It now takes more to pass in Mass
How we love Massachusetts: its patriotic history, wind-swept shores, and, of course, sky-high standards. While other states take cues from NCLB to walk to the middle, Massachusetts keeps raising the bar. So it is that Bay State students who pass the MCAS graduation exam, but just barely, must complete a remedial battery of classes and testing in order to graduate. Mitchell Chester, state commissioner of elementary and secondary education, explains, "What we don't want is students and schools to think they can slide by on 'needs improvement.'" Our compliments to that thought process. But the measure, which was enacted two years ago in the pre-Deval Patrick days but was only recently--and quietly--implemented, has drawn broad criticism. Scott Lang, mayor of New Bedford, MA, argues that too few students are receiving diplomas already and each paperless individual "costs the state an average of $22,449 annually in direct benefits and means-tested aid, including state-subsidized healthcare and welfare benefits." Luckily, James Peyser of the NewSchools Venture Fund (and former chair of the Massachusetts Board of Education) is there to restore common sense to the dialogue. "Lang thinks he's standing up for the disenfranchised. Unfortunately, his proposal would only serve to condemn another generation of young people to low expectations and benign neglect." God bless Massachusetts!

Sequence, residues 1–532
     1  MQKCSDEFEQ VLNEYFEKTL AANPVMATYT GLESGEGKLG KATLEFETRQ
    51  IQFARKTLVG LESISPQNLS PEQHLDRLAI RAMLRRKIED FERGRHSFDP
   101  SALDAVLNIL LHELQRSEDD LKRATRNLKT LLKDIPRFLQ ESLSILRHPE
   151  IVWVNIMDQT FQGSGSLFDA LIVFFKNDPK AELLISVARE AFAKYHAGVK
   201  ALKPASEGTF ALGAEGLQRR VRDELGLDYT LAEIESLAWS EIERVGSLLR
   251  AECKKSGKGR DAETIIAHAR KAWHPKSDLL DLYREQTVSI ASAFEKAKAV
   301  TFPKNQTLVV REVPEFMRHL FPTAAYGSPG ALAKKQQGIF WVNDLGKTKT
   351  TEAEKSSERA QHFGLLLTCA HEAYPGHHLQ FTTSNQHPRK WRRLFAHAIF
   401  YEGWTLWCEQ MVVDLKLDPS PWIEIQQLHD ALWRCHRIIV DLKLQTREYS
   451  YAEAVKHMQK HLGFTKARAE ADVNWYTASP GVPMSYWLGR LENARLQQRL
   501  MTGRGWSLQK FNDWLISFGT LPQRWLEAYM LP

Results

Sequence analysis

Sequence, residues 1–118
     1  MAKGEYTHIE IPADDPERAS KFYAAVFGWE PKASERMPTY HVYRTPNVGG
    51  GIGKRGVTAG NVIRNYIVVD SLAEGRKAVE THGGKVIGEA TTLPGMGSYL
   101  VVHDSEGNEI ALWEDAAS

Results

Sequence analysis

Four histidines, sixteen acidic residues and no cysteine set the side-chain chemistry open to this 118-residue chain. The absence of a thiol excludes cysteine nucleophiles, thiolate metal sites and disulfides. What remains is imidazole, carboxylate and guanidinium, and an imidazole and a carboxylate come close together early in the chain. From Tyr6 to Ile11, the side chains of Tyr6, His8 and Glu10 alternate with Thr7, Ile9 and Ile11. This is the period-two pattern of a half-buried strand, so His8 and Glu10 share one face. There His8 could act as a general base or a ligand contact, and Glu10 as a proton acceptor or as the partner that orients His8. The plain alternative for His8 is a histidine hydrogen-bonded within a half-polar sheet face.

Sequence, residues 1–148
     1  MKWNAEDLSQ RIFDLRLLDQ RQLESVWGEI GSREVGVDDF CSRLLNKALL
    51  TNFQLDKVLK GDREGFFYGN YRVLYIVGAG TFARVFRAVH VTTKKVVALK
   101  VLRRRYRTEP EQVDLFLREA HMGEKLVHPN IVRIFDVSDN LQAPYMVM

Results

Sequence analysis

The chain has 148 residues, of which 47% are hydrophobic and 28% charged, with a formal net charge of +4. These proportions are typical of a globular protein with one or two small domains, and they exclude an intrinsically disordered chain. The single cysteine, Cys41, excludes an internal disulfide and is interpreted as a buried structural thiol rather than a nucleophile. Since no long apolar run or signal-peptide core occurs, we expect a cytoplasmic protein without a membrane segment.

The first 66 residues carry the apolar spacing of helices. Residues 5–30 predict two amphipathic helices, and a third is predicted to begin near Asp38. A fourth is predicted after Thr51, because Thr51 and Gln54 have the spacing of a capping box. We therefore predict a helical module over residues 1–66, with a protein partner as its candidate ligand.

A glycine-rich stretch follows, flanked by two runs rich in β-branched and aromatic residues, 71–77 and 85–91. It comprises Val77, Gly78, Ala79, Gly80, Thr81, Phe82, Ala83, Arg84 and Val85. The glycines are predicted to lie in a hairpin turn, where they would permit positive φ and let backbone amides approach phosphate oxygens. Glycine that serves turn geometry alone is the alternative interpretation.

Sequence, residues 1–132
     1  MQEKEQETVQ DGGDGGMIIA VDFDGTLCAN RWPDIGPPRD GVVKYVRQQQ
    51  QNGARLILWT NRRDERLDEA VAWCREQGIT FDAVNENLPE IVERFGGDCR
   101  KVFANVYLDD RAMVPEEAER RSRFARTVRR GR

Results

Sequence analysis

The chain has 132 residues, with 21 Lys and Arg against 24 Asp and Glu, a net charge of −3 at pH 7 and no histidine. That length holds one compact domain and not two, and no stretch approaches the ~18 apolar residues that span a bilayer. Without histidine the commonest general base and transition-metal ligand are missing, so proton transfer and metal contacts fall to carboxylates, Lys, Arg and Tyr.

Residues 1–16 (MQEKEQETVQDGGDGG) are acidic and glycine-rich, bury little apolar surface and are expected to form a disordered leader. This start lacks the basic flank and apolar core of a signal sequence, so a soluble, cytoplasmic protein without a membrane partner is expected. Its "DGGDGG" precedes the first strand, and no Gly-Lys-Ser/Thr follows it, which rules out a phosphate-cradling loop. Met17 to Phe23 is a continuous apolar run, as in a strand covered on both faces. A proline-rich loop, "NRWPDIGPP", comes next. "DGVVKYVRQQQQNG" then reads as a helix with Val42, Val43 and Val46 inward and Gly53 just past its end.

"New rule casts cloud on MCAS results," by James Vaznis, The Boston Globe, September 29, 2008
"A diploma for every student," by Scott W Lang, The Boston Globe, September 28, 2008
"Assault on standards would leave many students behind," by James Peyser, The Boston Globe, September 30, 2008